Do these new songs take you to any songs of the past?
‘Gregory Page of San Diego’ is a song about Gregory Page but I sort of placed myself in his shoes and wrote the song for him. It was a newer attempt of writing a song about him. I’ve written about him before. He was born in England but has been in San Diego his whole life. I became friends with him because he plays music. When I first moved to San Diego he helped me out a bit and was a mentor. He’s older. I just find him to be a fascinating character because he’s been living in the same apartment for fifteen years. He never leaves San Diego. He just stays and plays in San Diego. He’s their treasure. They love him. He has a legacy. His great-grandfather taught music down there and other family members. I’d have to pull his tooth to get him to come up here. He’ll go to another country to play though. I just find him to be a fascinating character to write about. So that’s one of them. ‘Today Is A Bright New Day’ goes back to a few songs I’ve written about an event that happened a long time ago. A relationship gone wrong. It’s pretty dark. ‘Tammy’ is another one. She’s real … then again, how can you really say that? When you go back to that pillar that you’re looking at to figure out what it is, a little of it rubs off on you and from that you build. So it’s kind of not real in a way. It becomes kind of made up, even if it comes from the same wellspring.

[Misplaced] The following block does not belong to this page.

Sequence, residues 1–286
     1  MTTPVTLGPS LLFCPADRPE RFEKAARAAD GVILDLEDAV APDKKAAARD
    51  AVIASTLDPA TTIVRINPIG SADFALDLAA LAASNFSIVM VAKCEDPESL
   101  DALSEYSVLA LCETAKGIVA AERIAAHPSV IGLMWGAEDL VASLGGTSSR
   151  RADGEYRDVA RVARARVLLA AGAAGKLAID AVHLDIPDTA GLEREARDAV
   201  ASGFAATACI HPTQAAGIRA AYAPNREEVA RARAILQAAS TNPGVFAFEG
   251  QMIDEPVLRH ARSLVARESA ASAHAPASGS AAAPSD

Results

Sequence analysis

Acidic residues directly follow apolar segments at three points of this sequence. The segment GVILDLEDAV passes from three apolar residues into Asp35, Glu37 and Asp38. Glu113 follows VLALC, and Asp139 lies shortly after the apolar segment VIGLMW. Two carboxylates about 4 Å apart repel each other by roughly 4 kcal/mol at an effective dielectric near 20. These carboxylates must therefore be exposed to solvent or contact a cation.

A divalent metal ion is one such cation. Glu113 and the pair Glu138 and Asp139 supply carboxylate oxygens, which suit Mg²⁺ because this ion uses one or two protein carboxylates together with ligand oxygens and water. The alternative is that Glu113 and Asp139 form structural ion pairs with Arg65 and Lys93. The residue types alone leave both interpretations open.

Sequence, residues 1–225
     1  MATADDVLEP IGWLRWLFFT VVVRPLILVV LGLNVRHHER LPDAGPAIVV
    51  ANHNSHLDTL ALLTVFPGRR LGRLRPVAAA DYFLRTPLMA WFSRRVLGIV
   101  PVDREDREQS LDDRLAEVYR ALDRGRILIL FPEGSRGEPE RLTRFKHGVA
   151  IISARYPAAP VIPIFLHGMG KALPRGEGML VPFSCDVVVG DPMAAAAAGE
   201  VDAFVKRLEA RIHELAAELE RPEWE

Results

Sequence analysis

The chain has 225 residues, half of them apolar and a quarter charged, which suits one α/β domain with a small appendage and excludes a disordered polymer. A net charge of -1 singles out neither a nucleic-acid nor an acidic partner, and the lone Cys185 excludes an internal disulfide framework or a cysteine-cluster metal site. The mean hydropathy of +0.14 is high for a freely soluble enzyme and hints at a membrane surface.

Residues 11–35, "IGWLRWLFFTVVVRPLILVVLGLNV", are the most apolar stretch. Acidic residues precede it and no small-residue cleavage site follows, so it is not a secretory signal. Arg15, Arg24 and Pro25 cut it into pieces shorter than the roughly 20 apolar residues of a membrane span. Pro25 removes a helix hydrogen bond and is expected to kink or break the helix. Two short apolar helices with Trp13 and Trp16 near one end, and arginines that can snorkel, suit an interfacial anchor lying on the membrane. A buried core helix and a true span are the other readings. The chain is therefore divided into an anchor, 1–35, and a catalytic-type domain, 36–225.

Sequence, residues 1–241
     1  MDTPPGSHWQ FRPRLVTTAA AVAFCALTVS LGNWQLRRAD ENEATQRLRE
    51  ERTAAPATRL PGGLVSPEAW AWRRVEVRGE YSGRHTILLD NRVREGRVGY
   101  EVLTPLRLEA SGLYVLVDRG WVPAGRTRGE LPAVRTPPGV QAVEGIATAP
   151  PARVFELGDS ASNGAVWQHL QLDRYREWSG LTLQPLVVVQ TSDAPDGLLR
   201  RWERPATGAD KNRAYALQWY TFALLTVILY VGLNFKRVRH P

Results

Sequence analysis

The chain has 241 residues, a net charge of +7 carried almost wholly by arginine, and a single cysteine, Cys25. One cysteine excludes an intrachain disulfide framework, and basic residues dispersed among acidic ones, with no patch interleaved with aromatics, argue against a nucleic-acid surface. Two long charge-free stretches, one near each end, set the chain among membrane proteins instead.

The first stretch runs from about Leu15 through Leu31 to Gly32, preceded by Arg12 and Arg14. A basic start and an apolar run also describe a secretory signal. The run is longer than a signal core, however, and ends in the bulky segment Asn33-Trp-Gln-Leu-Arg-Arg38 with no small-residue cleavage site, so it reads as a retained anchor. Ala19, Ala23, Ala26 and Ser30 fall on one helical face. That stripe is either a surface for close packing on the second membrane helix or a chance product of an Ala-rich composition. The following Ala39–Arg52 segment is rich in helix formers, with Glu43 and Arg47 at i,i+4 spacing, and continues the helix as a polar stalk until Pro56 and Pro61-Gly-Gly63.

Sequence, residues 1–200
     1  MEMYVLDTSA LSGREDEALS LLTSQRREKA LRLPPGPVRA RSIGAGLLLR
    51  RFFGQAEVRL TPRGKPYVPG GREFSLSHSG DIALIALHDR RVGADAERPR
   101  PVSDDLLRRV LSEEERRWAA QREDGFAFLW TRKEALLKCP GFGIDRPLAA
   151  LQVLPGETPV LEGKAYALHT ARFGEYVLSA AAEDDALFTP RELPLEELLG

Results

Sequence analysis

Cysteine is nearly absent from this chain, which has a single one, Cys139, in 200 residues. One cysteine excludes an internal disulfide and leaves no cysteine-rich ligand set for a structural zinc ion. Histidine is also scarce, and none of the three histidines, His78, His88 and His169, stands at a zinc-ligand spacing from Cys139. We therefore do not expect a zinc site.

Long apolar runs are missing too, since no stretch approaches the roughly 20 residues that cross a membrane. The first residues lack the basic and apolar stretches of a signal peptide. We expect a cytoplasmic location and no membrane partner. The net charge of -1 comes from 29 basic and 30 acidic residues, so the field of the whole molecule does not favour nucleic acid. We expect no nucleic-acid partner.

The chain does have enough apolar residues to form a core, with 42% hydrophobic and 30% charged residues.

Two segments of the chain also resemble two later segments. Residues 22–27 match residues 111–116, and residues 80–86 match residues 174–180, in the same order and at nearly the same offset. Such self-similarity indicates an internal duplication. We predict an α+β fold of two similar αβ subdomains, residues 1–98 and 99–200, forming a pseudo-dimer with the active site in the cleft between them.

When I listen to ‘Cradle Your Device’—you must realize, even if that song is not about you, whoever hears it is going to think of you naked.
I suppose that’s right! There’s a certain level of ambiguity to it but it’s funny. Somebody came up to me and said, ‘I can’t believe you would write a song about your girlfriend using a dildo.’ I had to stop myself from saying, ‘No, it’s actually…’ because a device can mean many things of course. There’s an old song about a whatsit this person takes wherever she goes.
What’s her whatsit?
That’s the thing you don’t really know, but you think you know. It could be a number of things. [Sings:] ‘She takes her little whatsit where she goes.’ See, that’s the challenge then as a writer. It’s easy to write a song about how annoying Facebook is but it’s going to get old—it’s going to date itself. So if it’s a little open or ambiguous then it can last longer.